There needs to be a mindful debate where everyone can participate, including the Town Council. Could this happen using social media? I am led to believe that Cockermouth Town Council are one of the few councils still not making use of that medium. If the readers of this newspaper believe that many heads are better than one, might I also suggest, in the words of my colleague Rebecca Hanson, that “the Town Council needs to be crowdsourcing their capacity to work on complex issues – like a town plan and flooding – through social media.”
A Neighbourhood Development Plan might provide an amazing opportunity, not least to listen to the community – and that is paramount; and partnership working. An ambitious and focused initiative could improve the physical environment, economic wealth and prospects for Cockermouth.
Debbie Taylor, West Cumbria Liberal Democrats
Phill Roberts writes in the local papers:
Conservative MPs have selected Theresa May as our next Prime Minister without any democratic vote. I’m sure many will be concerned that a Prime Minister can be chosen by a few members of Parliament without a general election.
Following the 2011 Fixed Term Parliaments Act a general election can only be called in exceptional circumstances by two thirds of MPs or if a budget fails to get approval by Parliament.
The need to change the policies set out in the Conservative manifesto to meet the changing circumstances following the Brexit vote clearly satisfies the test of exceptional circumstances, however we will have to wait and see if two thirds of MPs vote for a General Election.
Although many will be outraged at the prospect of not having a vote or say in who will be our next Prime Minister, there is recent precedent set by the Labour Party, when they chose Gordon Brown to be our Prime Minister.
At the time Theresa May called for a General Election and baited the Labour Party that they were scared to call a General Election. Now we have Theresa May stating that she will not call an early election and the Labour Party once again in the midst of its own election for a more presentable, electable leader.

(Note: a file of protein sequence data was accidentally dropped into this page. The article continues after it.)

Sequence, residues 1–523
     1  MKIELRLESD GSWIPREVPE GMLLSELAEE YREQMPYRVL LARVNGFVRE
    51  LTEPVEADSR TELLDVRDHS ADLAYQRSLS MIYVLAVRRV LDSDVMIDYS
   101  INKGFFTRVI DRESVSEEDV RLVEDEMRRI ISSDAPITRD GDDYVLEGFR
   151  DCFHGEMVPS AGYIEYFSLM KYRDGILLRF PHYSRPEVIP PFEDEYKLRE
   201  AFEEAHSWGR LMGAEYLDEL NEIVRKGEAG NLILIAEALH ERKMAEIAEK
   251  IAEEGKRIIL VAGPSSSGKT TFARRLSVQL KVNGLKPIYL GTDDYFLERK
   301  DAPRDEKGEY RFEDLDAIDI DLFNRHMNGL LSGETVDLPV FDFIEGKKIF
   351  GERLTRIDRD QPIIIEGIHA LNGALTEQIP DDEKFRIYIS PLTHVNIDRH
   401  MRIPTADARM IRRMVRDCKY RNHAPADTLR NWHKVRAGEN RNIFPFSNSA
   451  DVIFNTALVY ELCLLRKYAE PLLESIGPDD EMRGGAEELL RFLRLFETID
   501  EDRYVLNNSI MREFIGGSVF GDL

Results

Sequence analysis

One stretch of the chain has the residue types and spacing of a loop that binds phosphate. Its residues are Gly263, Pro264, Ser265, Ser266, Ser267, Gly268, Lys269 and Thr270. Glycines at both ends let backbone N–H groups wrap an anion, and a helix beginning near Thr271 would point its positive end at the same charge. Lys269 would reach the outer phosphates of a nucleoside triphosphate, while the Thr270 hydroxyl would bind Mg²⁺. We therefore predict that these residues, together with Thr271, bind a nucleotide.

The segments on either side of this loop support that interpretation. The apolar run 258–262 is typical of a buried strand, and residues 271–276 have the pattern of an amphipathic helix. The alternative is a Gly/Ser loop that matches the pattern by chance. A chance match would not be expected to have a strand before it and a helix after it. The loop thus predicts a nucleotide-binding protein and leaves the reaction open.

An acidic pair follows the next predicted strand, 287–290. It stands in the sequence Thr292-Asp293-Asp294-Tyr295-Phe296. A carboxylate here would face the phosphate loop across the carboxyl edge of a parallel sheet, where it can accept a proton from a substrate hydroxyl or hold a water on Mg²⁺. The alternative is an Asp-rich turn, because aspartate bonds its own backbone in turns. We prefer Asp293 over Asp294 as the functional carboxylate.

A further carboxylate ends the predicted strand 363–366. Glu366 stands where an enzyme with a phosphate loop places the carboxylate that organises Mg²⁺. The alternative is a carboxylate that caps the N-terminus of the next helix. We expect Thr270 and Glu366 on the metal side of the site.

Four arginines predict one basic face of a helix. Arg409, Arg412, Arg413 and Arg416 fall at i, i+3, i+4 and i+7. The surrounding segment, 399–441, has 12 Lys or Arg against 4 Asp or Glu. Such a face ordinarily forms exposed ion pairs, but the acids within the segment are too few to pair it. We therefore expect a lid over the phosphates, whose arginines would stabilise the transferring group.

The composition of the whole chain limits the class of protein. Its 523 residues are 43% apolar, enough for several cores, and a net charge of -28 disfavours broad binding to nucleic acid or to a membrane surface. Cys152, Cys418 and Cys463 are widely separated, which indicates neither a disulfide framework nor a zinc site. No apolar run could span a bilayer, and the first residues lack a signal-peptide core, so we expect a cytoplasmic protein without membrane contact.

In the interests of democracy and the need to have a Parliament that reflects the wishes and interests of the country post Brexit, rather than the self interest of any political party there should be a General Election.
Only a new Parliament will have a mandate to negotiate a New Deal with Europe that recognises the wishes of the 51.8% who voted to Leave and the 48.2% who voted to remain.
(Copeland & Workington Liberal Democrats)
STRAWBERRY CREAM TEA
Date: Sunday 24 July 2016 from 2-5pm
Venue: Lowpark, Loweswater, CA13 0RU
Pretty garden directly beneath Melbreak with views of other fells too. (Will be held under cover / indoors if wet)
* Delicious home made scones with jam and cream, strawberries and a cuppa (or two!) Juice for children
* Raffle – to be drawn at 3.30pm
* Activities – Treasure Hunt, Guess the Teddy Bear’s Name
* On sale – Margot’s Vanilla Fudge
* Cost – £5 per adult, £2 per child (proceeds to Lib Dems)
Important: To help us plan the catering RSVP to Rowena Watkins by Friday 15 July, if possible:
Tel: 01946 862 466 (ansaphone available)
Email: [email protected]
Parking available but please car-share where possible.
Directions from the Kirkstile Inn, Loweswater:
Go down the hill, following the sign that says “No road to the lake”. After approx. 0.5 mile, take the right hand fork. Go over humpy bridge and Lowpark is immediately in front of you. You will be helped to park. (If lost: Tel: 01900 85242)
Directions from Low Lorton:
Follow signs for Loweswater. Do not take left turn for Buttermere but continue up Scale Hill and over bridge. Take the first left turn, signed Low/Highpark. After approx. 1 mile, take left fork, go over humpy bridge and Lowpark is immediately in front of you.